15. I will enjoy learning more about your natives. I've always wondered if wildflowers and natives were the same thing, this is definitely an area I need to learn more about. I'm trying to do more native plants in my shady backyard under the big cedars. It's hard when you have an idea of what you want and then have to accept that it won't work easily in the yard you have.

  16. Just another learning experience. One I greatly admire. Since my new neighbor cut some trees I'm going to have to start over as to what I can plant. Not that much shade anymore.

  17. Embrace gardening in the shade - it's really magical, much more so than a full sun border where everything is out there flaunting it. I truly love my shade garden more than the sunny areas. There are so many fantastic shade plants, native & exotic, I can't imagine anyone not wanting to garden in shade. Mayapples, Bugbanes, Dicentras, woodland Phlox, Solomon's Seal, Toad lilies...I'd better stop, I'm getting carried away.

  18. great post. we should all grow more native plants

  19. I am back home now. Yeah! Snow is nearly all gone and it is warm! Garden fever is strong. Thanks everyone for stopping by. Tune in next Wednesday to see if you know what kind of plant I'll be posting on. I'll be most curious to see who knows it.

    Skeeter, Not a juniper...

    Mom, I think Pamela and Pete should be honored to be called professional students. It is a good thing to always learn and to be paid to do so is even better!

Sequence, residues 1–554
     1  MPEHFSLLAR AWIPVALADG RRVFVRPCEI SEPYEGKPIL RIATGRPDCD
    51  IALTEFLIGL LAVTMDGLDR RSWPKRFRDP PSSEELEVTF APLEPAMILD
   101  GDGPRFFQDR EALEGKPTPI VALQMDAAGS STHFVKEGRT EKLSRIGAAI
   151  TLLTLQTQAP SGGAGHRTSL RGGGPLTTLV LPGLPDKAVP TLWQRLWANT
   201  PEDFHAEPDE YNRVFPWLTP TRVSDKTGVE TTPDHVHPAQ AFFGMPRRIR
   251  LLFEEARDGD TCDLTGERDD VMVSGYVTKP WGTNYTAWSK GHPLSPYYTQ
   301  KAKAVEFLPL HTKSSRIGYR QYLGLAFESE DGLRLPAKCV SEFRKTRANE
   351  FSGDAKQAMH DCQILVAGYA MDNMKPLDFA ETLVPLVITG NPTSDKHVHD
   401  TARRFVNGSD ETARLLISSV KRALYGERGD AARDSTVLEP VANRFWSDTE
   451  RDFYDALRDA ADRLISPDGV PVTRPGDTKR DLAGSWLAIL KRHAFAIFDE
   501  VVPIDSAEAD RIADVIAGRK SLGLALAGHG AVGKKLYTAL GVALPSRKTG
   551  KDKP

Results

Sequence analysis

20. Lola, The first thing you need to do is plant a tree to replace that shade. Especially living down south. Not sure which would be good but look for a smaller one and check your local nurseries.

  21. Native and shade gardens can be so beautiful, just as beautiful as English gardens imo... I love what Gail has done with her garden and the idea of Wildflower Wednesday.

  22. Welcome Back Tina...

    Oh my gosh Tina! I was in a rush this morning when I checked in and I missed the part about not guessing on this post. Opps I am so sorry and glad I was wrong :-) I should never read the blog unless I can give it my full attention. Darn, I hate when I make a mistake....

    I had to rush something to the Saint at work and the weather was so nice that he decided to take the rest of the day off! So off to lunch, a few errands and then home for me to play in the yard. I found some bulbs I dug out of a planter last year and never planted. They were sprouting so I put them into the ground and the smaller ones in pots. I must have planted 100 or more! OJ helped me and it was so much fun digging in the dirt today!